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Pinellas County the most dangerous place to ride a bike in America, report says

Posted at 5:36 PM, Sep 25, 2018

Pinellas County has the highest cyclist death rate in the Tampa Bay metro area, which has the highest rate of any metro region in the U.S., a report from the Wall Street Journal said.

According to numbers from the National Highway Traffic Safety Administration, the number of cyclists killed in motor vehicle crashes nationwide was 840 in 2016, a 35% jump from 2010.

Florida in particular has by far the highest per-capita bicyclist death rate in the nation, and the states of Florida, California and Texas account for about 40% of all cyclist deaths, according to NHTSA.

From 2007-2016, the report states that Florida's fatality rate for cyclists was 6.2 deaths per 100,000 residents, 59% higher than the next highest state.

The Tampa Bay area's fatality rate for cyclists was 7 deaths per 100,000 residents, the highest of any metro area in the nation.

“It doesn't surprise me at all," said Dr. Greg Schwaid. His father was hit by a drunk driver while riding his bike to work in 2016.

"Florida’s population is older and more densely packed, and the state gets a steady influx of tourists unfamiliar with local roads," transportation-safety consultant Pam Fischer, who wrote last year’s GHSA report, which examined bike-safety issues nationwide, told the Wall Street Journal. “You kind of mush it all together, and it helps us explain as best we can what’s going on out there,” she said.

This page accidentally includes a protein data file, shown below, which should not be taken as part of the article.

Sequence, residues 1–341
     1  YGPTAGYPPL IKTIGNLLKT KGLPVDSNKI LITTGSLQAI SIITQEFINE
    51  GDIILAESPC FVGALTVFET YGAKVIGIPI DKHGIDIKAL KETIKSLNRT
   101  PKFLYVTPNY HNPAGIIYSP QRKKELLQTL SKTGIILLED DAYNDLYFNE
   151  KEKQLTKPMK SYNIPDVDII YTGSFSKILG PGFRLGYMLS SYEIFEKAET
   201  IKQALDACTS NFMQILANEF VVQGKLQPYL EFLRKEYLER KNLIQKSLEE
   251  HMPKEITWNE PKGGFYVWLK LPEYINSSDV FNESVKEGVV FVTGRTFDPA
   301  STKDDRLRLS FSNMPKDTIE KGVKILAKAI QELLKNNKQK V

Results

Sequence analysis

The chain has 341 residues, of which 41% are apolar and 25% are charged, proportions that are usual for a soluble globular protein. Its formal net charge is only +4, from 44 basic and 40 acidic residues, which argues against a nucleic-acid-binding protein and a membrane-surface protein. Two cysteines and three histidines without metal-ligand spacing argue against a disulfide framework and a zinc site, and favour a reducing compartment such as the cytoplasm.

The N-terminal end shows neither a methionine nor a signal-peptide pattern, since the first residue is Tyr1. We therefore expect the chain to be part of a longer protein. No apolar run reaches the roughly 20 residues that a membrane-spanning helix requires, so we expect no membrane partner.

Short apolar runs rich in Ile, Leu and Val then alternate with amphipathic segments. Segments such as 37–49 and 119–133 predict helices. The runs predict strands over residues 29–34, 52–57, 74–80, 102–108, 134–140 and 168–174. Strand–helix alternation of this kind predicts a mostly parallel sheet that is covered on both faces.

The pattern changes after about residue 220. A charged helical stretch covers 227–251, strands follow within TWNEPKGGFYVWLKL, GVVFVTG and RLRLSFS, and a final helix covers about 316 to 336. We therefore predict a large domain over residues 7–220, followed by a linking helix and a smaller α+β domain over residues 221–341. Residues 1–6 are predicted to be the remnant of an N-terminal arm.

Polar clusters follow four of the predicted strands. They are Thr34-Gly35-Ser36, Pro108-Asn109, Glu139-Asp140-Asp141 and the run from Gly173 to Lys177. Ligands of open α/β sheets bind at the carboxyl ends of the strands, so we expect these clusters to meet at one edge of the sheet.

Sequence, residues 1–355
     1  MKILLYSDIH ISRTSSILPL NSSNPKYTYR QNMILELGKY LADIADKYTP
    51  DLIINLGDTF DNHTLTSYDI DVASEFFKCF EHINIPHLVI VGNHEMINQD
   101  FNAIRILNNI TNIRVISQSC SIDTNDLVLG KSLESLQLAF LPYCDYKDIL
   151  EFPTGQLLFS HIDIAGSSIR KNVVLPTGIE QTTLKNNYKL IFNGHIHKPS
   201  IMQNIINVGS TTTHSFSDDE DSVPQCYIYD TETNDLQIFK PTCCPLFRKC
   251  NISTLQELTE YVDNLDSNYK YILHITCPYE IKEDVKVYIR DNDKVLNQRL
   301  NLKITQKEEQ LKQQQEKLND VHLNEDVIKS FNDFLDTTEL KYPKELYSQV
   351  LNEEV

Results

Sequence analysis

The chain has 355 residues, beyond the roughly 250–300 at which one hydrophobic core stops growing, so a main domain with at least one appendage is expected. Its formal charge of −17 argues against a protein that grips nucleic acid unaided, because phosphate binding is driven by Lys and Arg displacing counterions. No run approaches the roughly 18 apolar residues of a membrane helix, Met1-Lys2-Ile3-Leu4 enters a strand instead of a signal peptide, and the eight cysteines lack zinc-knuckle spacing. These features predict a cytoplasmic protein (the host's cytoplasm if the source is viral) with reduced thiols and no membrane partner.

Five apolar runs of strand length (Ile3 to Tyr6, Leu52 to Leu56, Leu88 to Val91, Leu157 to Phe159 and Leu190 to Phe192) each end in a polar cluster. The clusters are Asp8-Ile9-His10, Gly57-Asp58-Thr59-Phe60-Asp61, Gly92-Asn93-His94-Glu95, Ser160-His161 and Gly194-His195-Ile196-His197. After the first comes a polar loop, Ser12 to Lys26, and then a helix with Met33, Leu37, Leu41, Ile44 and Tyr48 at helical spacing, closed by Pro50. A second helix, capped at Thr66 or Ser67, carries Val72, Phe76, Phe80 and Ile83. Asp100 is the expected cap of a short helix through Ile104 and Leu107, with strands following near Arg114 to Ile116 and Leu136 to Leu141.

Since 2014, state transportation officials reportedly changed standard width for bike lanes and launched a push to better light locations where nighttime crashes for pedestrians and bicyclists was high.

However, the paper reports that bike fatalities are trending up again this year, with 95 so far this year in Florida, six of those in Pinellas County.

“All the bicyclist feel for each other," said Dr. Schwaid.

Just days before this data came out, police agencies throughout the county launched a new campaign to put more officers in heavily biked areas. Funding is coming from state grants.

“I love hearing it. That's a much-needed area for improvement,” said Dr. Schwaid.

Unfortunately, Scwaid's dad won't see the changes because underlying issue combined with his injuries from the bike accident proved too much. He died last year.

"He would say I love this. He was passionate about bicycle safety," “said Schwaid. "The hardest part for me, missing him, is knowing he is never going to have a relationship with my son, who is two years old now.”